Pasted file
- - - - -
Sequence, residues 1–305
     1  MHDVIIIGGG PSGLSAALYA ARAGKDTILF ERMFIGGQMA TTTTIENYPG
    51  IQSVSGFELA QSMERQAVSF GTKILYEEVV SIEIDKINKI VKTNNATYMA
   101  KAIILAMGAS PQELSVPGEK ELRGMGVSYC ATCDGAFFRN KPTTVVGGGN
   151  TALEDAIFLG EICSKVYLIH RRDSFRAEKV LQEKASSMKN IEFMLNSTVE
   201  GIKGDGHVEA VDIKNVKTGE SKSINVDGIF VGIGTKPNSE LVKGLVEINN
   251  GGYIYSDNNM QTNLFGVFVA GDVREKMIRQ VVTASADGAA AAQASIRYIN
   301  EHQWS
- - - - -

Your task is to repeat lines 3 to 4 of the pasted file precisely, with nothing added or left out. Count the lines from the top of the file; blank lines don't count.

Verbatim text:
    51  IQSVSGFELA QSMERQAVSF GTKILYEEVV SIEIDKINKI VKTNNATYMA
   101  KAIILAMGAS PQELSVPGEK ELRGMGVSYC ATCDGAFFRN KPTTVVGGGN